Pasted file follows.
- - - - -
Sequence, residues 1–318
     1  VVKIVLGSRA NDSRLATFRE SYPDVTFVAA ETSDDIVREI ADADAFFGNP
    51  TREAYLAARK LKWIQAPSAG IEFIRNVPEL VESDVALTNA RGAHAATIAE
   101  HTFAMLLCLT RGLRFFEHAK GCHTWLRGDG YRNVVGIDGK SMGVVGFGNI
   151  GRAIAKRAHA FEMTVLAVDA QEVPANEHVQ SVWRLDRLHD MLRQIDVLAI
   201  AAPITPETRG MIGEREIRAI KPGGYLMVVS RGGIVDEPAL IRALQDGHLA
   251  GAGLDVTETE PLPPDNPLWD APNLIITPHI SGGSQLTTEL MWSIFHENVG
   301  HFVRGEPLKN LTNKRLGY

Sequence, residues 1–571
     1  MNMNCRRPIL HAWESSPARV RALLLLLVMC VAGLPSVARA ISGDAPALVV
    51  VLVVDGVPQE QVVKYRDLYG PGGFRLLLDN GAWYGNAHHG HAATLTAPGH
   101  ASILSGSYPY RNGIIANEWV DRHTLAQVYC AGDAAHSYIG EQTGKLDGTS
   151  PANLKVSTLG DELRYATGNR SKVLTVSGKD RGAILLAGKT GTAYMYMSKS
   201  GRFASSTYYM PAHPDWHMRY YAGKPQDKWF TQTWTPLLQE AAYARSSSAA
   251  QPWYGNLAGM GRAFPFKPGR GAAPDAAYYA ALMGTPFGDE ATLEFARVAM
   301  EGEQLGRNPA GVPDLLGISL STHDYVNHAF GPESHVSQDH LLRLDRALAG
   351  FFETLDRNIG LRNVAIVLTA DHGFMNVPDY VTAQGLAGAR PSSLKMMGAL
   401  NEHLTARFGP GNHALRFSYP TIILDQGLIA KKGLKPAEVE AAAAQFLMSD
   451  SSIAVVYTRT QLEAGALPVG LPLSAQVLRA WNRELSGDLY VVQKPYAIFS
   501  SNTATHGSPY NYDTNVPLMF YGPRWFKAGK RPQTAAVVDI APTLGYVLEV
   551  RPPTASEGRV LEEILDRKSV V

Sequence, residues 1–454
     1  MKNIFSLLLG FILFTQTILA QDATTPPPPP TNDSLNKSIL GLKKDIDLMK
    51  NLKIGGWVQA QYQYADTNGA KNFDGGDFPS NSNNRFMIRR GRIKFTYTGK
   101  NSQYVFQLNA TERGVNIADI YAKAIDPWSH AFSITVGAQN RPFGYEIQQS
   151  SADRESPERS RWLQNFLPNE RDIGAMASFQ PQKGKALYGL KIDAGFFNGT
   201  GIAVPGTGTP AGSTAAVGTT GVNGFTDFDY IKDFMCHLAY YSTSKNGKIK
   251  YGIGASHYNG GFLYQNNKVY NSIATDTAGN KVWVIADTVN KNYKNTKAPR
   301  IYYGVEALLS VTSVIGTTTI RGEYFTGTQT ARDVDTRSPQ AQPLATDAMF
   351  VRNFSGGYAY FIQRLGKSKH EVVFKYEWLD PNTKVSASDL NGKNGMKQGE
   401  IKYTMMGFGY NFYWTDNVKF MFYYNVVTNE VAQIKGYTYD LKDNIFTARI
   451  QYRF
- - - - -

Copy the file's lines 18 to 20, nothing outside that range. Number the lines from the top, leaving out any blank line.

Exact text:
   401  NEHLTARFGP GNHALRFSYP TIILDQGLIA KKGLKPAEVE AAAAQFLMSD
   451  SSIAVVYTRT QLEAGALPVG LPLSAQVLRA WNRELSGDLY VVQKPYAIFS
   501  SNTATHGSPY NYDTNVPLMF YGPRWFKAGK RPQTAAVVDI APTLGYVLEV